Since the financial crisis began in the summer of 2007, the U.S. core consumer price index (CPI) inflation rate has declined from over 2 percent to about 1 percent per year—an unusually low rate compared with recent history. Some analysts worry about a sustained fall in the general price level—deflation.
Many people associate deflation with difficult economic times—slow growth and/or high unemployment—such as in Japan since the early 1990s or in the United States during the Great Depression. Yet, not all deflationary periods are associated with hard times. For example, in the United States from 1876-79, the price level fell on average almost 5 percent per year while average output growth exceeded 7.6 percent.
What causes deflation? Central banks can influence the money supply to determine the average inflation rate over a long period, but other factors can affect the inflation rate over shorter periods. These include technological improvements that reduce production costs and/or changes in demand for cash and other safe assets, perhaps associated with a financial crisis.
The vertical lines on the chart mark the approximate dates of the 1890, 1893, 1907, and early-1930s financial crises. These crises led to bank failures and a reduced money supply as depositors withdrew money, preferring to hold cash. The severe contractions and deflationary episodes that followed these crises have shaped the U.S. perception of deflation. Inflation, output, and (as noted) the money supply fell during or shortly after each crisis.1 The international experience has been similar; deflation is often associated with poor output growth and high unemployment.
Economists debate the extent to which deflation directly harms the economy or is merely a symptom of a negative shock, such as a financial crisis, that reduces economic activity. Regardless, deflation can be harmful. In particular, unexpected deflation can cause the same sort of effects as lower-than-expected inflation, which causes businesses to pay higher real wages for workers and borrowers to repay more (in inflation-adjusted terms) than they intended. As a result, businesses may economize on workers and borrow less, which tends to depress output and employment.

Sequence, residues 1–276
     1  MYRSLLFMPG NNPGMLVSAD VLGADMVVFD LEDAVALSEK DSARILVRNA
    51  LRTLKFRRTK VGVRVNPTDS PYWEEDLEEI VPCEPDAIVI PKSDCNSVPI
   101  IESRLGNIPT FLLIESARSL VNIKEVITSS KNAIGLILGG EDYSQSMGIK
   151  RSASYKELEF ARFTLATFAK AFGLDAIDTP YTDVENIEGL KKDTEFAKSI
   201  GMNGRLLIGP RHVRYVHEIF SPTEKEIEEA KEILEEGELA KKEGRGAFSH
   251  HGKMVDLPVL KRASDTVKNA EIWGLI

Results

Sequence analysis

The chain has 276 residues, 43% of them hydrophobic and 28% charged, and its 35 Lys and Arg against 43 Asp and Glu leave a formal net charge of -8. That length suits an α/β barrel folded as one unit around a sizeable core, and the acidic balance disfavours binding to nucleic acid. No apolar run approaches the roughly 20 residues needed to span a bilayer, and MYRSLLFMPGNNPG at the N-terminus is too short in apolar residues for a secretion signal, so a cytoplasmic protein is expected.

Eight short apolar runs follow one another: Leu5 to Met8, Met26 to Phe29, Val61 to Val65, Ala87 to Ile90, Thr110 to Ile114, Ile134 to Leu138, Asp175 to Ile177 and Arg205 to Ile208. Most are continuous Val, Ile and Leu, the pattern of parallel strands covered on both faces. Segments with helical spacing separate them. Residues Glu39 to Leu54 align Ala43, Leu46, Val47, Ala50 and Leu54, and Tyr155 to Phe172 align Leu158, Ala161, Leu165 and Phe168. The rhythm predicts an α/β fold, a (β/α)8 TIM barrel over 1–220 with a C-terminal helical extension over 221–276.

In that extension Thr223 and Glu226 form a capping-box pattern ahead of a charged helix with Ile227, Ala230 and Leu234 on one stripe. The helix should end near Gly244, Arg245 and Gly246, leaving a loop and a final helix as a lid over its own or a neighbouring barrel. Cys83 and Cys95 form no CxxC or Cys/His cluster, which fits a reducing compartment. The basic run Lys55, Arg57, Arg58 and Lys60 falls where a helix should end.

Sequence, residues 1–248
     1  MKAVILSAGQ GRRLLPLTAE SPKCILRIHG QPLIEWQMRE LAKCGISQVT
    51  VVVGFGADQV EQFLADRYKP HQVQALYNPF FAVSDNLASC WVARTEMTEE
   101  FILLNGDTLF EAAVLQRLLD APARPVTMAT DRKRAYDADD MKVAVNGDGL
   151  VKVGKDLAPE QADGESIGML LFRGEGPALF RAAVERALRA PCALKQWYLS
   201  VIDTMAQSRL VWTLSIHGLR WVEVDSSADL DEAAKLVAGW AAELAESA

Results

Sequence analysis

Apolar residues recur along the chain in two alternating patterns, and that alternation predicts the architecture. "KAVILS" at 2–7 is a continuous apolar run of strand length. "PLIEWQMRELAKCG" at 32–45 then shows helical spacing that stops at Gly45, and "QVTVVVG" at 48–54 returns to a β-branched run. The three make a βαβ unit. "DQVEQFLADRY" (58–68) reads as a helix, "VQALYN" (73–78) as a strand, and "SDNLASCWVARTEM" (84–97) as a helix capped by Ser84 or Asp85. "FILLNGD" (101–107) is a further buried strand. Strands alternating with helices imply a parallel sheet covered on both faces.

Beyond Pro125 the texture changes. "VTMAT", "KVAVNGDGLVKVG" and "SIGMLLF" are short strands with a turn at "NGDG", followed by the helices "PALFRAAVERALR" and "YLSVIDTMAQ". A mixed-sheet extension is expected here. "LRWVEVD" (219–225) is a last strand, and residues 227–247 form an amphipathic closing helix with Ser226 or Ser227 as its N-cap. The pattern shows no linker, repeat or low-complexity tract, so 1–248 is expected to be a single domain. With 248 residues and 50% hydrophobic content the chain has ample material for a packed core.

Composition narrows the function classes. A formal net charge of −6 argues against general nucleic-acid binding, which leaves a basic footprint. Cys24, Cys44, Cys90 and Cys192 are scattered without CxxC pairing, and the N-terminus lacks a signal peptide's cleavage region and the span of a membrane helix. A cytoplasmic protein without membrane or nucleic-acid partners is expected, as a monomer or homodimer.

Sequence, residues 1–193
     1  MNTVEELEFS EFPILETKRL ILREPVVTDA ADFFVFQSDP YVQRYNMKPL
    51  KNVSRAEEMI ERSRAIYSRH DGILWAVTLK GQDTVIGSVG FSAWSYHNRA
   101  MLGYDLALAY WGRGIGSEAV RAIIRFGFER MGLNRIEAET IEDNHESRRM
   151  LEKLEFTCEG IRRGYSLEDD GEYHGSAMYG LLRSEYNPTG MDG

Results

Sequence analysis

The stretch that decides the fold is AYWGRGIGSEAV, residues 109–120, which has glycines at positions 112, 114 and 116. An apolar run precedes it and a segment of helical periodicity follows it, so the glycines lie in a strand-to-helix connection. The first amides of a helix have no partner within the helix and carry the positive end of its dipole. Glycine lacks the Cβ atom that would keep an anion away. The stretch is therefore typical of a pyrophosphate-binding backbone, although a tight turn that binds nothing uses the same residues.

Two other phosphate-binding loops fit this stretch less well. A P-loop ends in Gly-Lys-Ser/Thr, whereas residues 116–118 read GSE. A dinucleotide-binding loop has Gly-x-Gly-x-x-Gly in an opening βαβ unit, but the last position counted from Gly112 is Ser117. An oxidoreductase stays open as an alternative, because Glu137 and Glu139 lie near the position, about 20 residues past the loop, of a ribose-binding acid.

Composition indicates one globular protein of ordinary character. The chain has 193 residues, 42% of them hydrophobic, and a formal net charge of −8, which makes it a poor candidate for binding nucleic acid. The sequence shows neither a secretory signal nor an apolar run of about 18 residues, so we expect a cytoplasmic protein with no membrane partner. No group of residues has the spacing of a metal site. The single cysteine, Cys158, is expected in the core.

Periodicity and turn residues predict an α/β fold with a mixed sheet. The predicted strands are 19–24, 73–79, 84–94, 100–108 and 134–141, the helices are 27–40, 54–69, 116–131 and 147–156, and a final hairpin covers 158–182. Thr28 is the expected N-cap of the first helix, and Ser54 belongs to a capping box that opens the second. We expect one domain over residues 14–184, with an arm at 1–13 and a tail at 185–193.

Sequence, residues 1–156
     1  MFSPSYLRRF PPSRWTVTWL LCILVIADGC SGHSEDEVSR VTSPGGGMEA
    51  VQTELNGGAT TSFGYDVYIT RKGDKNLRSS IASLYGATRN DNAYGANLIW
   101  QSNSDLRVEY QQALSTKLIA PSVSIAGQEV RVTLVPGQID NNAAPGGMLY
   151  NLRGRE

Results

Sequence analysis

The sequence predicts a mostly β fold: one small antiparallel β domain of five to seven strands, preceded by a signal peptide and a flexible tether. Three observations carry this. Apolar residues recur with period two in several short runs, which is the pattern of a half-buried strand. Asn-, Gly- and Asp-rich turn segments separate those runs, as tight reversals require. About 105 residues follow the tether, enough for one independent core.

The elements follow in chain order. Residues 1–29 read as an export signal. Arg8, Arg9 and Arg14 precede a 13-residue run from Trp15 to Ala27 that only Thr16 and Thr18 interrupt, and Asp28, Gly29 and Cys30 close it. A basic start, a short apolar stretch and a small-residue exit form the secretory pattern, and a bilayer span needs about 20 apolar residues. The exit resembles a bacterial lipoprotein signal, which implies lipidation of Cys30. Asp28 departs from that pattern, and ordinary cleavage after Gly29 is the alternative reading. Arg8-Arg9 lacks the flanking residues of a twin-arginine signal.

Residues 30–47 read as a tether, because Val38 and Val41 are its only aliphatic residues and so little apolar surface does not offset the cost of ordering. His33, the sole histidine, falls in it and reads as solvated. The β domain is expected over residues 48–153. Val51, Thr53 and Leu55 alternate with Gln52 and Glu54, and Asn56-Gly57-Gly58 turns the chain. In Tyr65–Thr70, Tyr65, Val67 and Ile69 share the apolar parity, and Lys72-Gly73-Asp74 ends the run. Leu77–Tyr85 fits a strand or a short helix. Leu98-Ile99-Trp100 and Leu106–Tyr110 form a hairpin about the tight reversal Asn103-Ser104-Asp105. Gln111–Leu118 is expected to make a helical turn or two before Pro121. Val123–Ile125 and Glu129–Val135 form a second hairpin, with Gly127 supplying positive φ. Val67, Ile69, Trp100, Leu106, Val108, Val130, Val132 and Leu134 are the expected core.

Expected deflation, however, can affect the economy too—through the real interest rate (defined roughly as the nominal interest rate minus the inflation rate). Nominal interest rates cannot be negative because people would rather hold cash than lend at negative rates. The real cost of borrowing, however, can be positive even if the nominal interest rate is zero. For example, if prices fall by 2 percent per year, loans must be paid in dollars that have appreciated 2 percent in value. A floor on the real cost of borrowing can make consumers and businesses reluctant to invest and, consequently, reduce economic activity.
The recent decline in the U.S. inflation rate has been modest compared with past U.S. deflationary periods. Nevertheless, further declines in the inflation rate appear to be unwelcome by U.S. policymakers. The Federal Reserve is committed to maintaining price stability—consistent with its dual mandate—which observers often interpret as maintaining an average inflation target of 2 percent per year.